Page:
There were 60 attendees, including performance programmers, C++ Standards committee members and library authors. I attended because most Xbox titles are written in C++, not to mention the majority of the Xbox platform itself. There are many changes afoot in C++, and a good portion of these updates revolve around performance: multithreading performance, runtime performance, and the productivity gains that come from writing code that’s easier to understand.
Here were the most significant takeaways for me from the conference:
- C++0x, the next language standard for C++, is likely to be ratified in 2011. The proposal is currently in Final Committee Draft form, so the only changes between now and standardization are bug fixes.
- The current draft standard (August 2010) is freely available.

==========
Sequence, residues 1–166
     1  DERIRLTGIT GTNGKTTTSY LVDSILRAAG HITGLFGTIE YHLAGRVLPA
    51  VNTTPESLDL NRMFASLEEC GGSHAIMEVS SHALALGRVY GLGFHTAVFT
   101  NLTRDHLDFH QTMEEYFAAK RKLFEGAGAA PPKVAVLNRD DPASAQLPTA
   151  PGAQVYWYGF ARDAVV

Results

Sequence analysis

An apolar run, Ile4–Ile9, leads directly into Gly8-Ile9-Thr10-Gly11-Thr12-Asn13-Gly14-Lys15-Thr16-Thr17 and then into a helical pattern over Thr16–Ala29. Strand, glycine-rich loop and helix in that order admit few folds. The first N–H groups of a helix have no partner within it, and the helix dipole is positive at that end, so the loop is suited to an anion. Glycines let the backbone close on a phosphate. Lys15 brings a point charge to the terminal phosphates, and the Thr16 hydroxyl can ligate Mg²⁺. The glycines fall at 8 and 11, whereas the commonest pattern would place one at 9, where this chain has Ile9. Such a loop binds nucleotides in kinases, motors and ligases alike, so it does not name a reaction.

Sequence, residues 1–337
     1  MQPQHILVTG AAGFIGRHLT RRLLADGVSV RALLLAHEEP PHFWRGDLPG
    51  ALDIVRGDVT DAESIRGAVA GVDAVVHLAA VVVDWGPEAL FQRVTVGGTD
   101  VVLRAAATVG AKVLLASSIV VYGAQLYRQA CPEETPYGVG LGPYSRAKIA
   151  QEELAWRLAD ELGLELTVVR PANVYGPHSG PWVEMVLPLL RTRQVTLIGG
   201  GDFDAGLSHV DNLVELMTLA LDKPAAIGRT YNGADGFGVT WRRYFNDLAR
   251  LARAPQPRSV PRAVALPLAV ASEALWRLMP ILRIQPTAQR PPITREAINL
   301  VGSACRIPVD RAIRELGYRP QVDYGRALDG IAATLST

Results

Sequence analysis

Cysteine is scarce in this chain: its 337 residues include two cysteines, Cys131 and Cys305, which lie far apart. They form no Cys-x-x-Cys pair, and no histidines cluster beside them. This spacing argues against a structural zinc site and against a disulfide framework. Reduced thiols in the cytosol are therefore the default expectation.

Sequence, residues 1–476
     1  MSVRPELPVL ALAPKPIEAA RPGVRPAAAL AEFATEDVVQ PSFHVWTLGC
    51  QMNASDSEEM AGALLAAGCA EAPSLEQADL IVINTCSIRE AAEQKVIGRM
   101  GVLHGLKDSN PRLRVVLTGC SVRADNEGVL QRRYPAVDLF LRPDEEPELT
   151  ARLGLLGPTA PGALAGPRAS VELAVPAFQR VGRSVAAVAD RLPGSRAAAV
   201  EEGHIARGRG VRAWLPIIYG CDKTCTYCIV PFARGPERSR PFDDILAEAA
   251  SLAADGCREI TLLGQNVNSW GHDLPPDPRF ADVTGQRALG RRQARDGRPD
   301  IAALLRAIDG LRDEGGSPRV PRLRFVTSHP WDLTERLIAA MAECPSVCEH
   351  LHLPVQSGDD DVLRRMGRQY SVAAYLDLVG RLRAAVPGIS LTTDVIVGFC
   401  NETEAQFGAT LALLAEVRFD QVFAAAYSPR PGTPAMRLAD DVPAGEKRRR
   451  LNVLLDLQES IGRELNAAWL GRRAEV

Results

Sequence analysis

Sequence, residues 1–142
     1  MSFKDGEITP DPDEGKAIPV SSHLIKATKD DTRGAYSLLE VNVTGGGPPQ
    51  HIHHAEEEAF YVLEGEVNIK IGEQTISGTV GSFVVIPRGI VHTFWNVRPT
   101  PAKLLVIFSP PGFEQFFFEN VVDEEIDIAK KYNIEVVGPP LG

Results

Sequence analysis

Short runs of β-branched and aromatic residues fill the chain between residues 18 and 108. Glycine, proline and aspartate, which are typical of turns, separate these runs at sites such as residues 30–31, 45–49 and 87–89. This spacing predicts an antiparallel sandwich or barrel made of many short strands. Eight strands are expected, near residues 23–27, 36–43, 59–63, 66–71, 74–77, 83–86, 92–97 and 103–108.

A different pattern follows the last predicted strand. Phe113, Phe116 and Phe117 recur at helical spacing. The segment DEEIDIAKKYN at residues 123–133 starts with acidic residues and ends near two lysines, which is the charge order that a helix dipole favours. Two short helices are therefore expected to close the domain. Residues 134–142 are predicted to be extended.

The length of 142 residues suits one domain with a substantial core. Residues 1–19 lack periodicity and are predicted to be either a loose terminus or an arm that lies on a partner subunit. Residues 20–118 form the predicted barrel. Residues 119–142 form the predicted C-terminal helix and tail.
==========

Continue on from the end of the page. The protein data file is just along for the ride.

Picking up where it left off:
- C++0x improves code efficiency – a win for entertainment developers. The best examples are move semantics, rvalue references and perfect forwarding.
- C++0x makes it easier for programmers to read and write C++. Type inference (see auto below) and lambdas are two examples.
- C++0x is big. The draft standard adds over 500 pages to the 2003 Standard (1331 pages compared to 783 pages).
- If there’s one thing in C++ that’s likely to have the impact on the most programmers, it’s auto. As Scott Meyers says: “auto is your new best friend.” Example:
std::vector<T>::const_iterator i = c.begin(); // C++03 complexity auto i = c.begin(); // C++0x simplicity